A visibly angry federal judge in the Drexel Burnham Lambert Inc. insider trading case said Tuesday that he is requesting a disciplinary hearing against defense lawyers who had asked the judge to disqualify himself.
U.S. District Judge Milton Pollack, 81, also said Tuesday that he would rule soon on whether he should give up the case, a civil lawsuit filed Sept. 7 by the Securities and Exchange Commission.
The decision to call for disciplinary proceedings represented a worsening of the already acrimonious relations between the judge and defense lawyers in the case. In a brief court hearing, Pollack said he would ask the chief judge of the district, Charles L. Brieant, to determine whether disciplinary action should be taken against lawyers at the prominent New York law firm of Paul, Weiss, Rifkind, Wharton & Garrison. The firm represents Michael Milken, head of Drexel’s “junk bond” department in Beverly Hills.
Among the lead attorneys from the Paul Weiss firm involved in the case is Arthur Liman, who as chief counsel to a Senate committee cross-examined Lt. Col. Oliver North during televised hearings on the Iran-Contra affair.
In court papers, Judge Pollack claimed that Liman and the other lawyers may have violated attorney-client confidentiality by taking information gained in an unrelated case handled by their firm and using it as the basis for their motion to get the judge to remove himself from the Drexel case.
“I have decided to refer the conduct of the parties of this case for disciplinary resolution by the chief judge,” Pollack said. He made his ruling without allowing Liman or anyone else to speak during the hearing. He then abruptly left the courtroom, leaving Drexel’s lawyers surprised and angry.
“This thing today is the most astounding thing I’ve ever seen,” Liman said later outside the courtroom. He asserted that the proceeding was highly irregular because Pollack “was acting as both complainant and judge.”
In court filings, the lawyers have denied that they violated any ethical standards. Liman said he and his co-counsel would vigorously oppose any disciplinary proceedings and continue to press for Pollack’s removal from the case. “I do not intend to roll over,” he said.
Defense lawyers have claimed that the judge has a potential conflict of interest because his wife, Moselle Pollack, stands to receive $30 million from the sale of her interest in Palais Royal, a Texas clothing store chain. Financing for the transaction is being arranged by Drexel. The judge has a reputation for being tough on defendants in securities law cases, and Drexel’s defense lawyers are known to believe that he is biased against them.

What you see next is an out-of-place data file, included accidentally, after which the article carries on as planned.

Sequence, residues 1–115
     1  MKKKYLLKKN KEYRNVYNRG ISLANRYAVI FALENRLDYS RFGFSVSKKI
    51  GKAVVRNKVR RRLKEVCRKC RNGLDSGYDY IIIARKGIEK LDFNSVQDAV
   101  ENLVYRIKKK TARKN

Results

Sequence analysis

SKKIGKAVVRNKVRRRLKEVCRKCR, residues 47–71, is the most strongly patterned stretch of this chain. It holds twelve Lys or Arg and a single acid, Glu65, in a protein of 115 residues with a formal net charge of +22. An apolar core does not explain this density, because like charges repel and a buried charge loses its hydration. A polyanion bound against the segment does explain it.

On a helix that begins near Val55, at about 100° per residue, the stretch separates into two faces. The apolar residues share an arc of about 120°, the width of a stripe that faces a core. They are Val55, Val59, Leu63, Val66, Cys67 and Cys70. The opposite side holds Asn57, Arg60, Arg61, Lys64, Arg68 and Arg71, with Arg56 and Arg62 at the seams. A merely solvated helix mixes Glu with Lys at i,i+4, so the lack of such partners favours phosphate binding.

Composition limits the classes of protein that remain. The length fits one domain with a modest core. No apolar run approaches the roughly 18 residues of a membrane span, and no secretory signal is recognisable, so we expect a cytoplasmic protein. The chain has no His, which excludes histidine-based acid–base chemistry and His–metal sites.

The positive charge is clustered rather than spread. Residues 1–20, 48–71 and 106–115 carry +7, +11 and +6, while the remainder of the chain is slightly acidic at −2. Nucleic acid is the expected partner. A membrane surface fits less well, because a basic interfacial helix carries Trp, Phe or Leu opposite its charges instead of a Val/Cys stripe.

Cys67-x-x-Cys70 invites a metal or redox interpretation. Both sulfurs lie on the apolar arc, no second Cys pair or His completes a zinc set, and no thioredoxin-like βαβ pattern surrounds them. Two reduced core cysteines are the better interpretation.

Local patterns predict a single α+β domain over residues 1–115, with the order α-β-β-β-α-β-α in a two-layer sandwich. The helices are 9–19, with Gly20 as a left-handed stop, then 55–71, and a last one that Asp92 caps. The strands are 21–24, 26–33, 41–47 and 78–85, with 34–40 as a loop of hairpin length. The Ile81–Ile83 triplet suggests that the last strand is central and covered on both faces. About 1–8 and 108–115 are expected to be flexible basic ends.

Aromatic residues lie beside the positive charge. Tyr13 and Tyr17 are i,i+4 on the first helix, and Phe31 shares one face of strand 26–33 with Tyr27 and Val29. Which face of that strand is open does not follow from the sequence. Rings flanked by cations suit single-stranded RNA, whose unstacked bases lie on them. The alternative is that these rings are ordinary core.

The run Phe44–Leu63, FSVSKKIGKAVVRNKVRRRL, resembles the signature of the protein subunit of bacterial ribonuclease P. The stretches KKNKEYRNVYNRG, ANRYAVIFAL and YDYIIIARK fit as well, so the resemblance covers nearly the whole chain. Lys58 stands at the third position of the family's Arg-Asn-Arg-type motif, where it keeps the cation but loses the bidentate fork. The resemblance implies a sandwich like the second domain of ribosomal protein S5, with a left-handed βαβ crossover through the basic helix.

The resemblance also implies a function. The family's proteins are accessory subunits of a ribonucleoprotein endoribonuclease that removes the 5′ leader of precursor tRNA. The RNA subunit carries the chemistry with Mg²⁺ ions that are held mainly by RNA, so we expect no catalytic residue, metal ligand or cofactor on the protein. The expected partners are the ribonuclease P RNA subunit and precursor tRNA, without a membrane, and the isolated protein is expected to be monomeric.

The judge claimed in court papers that Liman and others found out about the transaction involving his wife because other partners in the firm had been hired over a year ago to give tax advice to several major shareholders in the store chain, including Moselle Pollack.
SEC Opposes Move
One defense lawyer, Peter Fleming of Curtis, Mallet-Prevost, Colt & Mosle, said in court Tuesday that the defense first learned of the link between Drexel and the judge’s wife on Sept. 9, when Drexel Chief Executive Frederick H. Joseph called Fleming’s firm with the information.
In a separate hearing later Tuesday on the motion to disqualify Pollack, SEC lawyers argued that there wasn’t any conflict of interest and that Moselle Pollack wouldn’t be receiving any money directly from Drexel.
There were several angry exchanges between the judge and defense lawyers. At one point, the judge asserted that the filing of a certain document by the defense was the result of “impertinence and impropriety.” And later, when Fleming accused the SEC of misstating when the defense lawyers first learned of the judge’s potential conflict, the judge said: “You can take that lecture somewhere else.”
A clerk for Judge Brieant said late Tuesday that no date had yet been set for a hearing on Judge Pollack’s request for a disciplinary hearing.